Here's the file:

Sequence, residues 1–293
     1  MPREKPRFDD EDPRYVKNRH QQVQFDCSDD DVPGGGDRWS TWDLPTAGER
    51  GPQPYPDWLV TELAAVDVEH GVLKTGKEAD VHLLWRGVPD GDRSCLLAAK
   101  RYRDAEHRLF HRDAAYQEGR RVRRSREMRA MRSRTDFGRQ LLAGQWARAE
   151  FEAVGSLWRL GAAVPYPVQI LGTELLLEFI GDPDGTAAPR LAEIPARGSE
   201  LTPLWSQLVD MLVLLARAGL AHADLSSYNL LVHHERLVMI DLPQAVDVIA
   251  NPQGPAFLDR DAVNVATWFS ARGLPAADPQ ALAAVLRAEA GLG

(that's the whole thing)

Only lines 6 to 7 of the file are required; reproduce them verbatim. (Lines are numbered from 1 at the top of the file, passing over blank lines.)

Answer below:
   201  LTPLWSQLVD MLVLLARAGL AHADLSSYNL LVHHERLVMI DLPQAVDVIA
   251  NPQGPAFLDR DAVNVATWFS ARGLPAADPQ ALAAVLRAEA GLG